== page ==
Focus on Onsite Production
Video content works. In fact 78% of video marketers say video has directly helped them increase sales. Whether you are already using video or are in the 17% who don’t know where to start with video, you need to make sure the video you create gives you a return on your investment.
This means understanding what you are looking to communicate and the best way you can utilise video for your end goals. To help you, all this month we’re going to look at different types of video production and how and when you should use them. This blog considers the benefits of onsite production.
What is Onsite Production?
Another type of ‘Field Production’, onsite production means filming in an office or set location that relates to the client.
This means filming in offices, warehouses, shops that are open to the public and more! Each of these spaces comes with it’s own unique set of challenges when it comes to the production. Equally important is the blend of footage from different locations, as often onsite productions are filming in multiple locations including indoor and outdoor.
Benefits and Challenges of Onsite Production
Ultimately with onsite production you are working in spaces that are not designed for filming and part of the challenge is doing everything possible to make these spaces look as good as possible in the footage. Whether the challenge is fluorescent lighting or small spaces, it is about having the equipment required to capture the best video possible whilst making the least amount of disruption.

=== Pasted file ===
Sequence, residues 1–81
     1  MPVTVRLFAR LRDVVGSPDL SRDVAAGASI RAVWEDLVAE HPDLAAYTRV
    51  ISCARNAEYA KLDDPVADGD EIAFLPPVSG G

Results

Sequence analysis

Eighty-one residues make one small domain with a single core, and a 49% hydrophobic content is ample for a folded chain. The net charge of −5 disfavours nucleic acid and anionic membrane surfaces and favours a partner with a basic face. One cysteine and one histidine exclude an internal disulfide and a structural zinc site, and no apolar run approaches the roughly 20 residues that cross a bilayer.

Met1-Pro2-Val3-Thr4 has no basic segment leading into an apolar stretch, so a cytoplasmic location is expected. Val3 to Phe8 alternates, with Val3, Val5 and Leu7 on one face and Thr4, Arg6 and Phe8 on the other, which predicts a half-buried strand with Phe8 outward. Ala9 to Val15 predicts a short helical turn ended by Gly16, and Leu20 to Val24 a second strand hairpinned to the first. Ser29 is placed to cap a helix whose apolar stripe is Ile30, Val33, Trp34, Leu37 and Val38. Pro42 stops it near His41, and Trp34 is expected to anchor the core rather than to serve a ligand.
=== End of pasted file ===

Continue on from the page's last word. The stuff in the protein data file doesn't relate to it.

The equipment used for onsite filming needs to be small, portable and lightweight. Small and powerful lighting that can work in multiple locations is important as is the right audio equipment, such as lapel or shotgun mics. The key is that the equipment lends itself to the flexibility needed for a multi-location setup.
When to Use Onsite Production
For videos where you are covering a specific process that takes place in a particular location or where you are trying to showcase your company brand and culture, you will need to capture footage onsite.
Examples of Onsite Production
Alleyns School for example wanted us to capture footage of their sports facilities and although we were able to plan in advance the spaces and sports being filmed, our production team were challenged with less than perfect weather conditions (for the students as well as the crew) and overhead fluorescent lighting. A big part of the production was in making sure the students remained upbeat despite the weather and that the overall video looked consistent even though it was a blend of indoor and outdoor footage.
For Lignia we needed to capture their relationship with Spirit Yachts including footage of the manufacturing process of LIGNIA wood, interviews with team members as well as footage of the yachts themselves. Part of this production included using drone footage, which as the yachts were in port, came with plenty of its own challenges!
For Barratt Development we needed to film both onsite at one of their housing developments, inside the manufacturing site of the Tommy Figures and at the offices of both Barratt Developments and RBLI. As many of these locations were working sites, this came with plenty of health and safety challenges as well the need to match internal lit footage with external.
We hope this blog has helped you understand onsite production and when this style of production might work for you. Come back next week when we’ll be focusing on lifestyle production.
Think an onsite production might be right for your next project, get in touch using the button below.